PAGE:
This August sees the return of the Perseid meteor shower and, with the moon setting around midnight on Aug 11, the early hours of the 12th should allow for a fantastic show. But say if you're clouded out?
The shower has been observed for around 2,000 years and the particles of dust making up the individual meteors we see today are likely around 1,000 years old. The meteor shower occurs when the Earth orbits through the dusty debris of comet Swift-Tuttle.
Whether the shower puts on a good show or not can often be irrelevant for us down here trying to watch. Cloud is an astronomer's archenemy but, like all villains, there are ways to defeat even the most dismal of weather conditions. I have a neat way you can 'watch' the Perseids even if you are clouded out.
The Perseid meteor shower gets its name from the place in the sky where the meteors all seem to originate -- in the case of the Perseids, they appear to come from a point in the constellation Perseus. I use the phrase 'seem' to come from because in reality there is a cloud of dust particles out in space that Earth passes through.
As we sweep up the particles of dust, they plummet through our atmosphere at speeds in excess of 60 kilometers per second, which makes our our fastest bullets, traveling at just over 1 kilometer per second, seem like tired snails! The energy associated with meteoric dust falling through our atmosphere causes the gas surrounding the meteor to glow, allowing us to see it as a streak of light across the sky.
The best time to observe meteor showers is in the early morning hours because you are on the 'forward facing' hemisphere of the Earth as it orbits the sun. It is a little like driving through a swarm of flies; the front of the car (Earth) will have lots of flies (meteors) squashed to the windscreen (forward facing hemisphere) but the rear will have none.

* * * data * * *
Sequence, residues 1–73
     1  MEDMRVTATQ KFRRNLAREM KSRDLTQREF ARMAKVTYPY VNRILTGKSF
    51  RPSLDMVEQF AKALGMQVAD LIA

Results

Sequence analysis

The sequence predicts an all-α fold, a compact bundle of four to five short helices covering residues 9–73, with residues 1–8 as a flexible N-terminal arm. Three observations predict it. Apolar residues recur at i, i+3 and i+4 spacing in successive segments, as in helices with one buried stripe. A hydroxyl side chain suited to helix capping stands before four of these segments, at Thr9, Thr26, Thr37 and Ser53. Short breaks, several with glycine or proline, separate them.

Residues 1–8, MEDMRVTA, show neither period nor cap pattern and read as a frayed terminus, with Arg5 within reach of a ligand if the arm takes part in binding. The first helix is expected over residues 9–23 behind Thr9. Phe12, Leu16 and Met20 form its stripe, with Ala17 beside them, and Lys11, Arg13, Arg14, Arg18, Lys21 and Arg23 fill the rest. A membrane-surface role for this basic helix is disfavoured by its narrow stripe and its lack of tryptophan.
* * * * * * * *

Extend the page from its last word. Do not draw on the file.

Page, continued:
Meteor observing is definitely an early morning pursuit, but what can you do if it's cloudy? All is not lost.
As meteors whiz through the atmosphere, they ionize gas molecules creating a trail of ionized gas.
It is possible for radio signals to bounce off these ionization trails and these signals can be tuned in to, even when cloudy. The real beauty is that you can do it from the warmth and comfort of your car.
The trick is to tune your car radio to a commercial FM radio station that you cannot normally pick up, ideally one that is around 1000 kilometers away. You can find one by looking for big cities about that distance from you and then searching online for a suitable radio station transmitting from there.
Normally you will just hear a hiss of noise when tuned in from that distance, but as meteors zip in through the atmosphere, the distant radio waves will bounce off their trail, allowing you to hear the station for a brief moment. You might also hear pops and whistles as the meteors arrive.
Now sit back, turn the heated seats on, relax and listen to the sounds of the Universe as Earth gets pummeled by an ancient comet stream.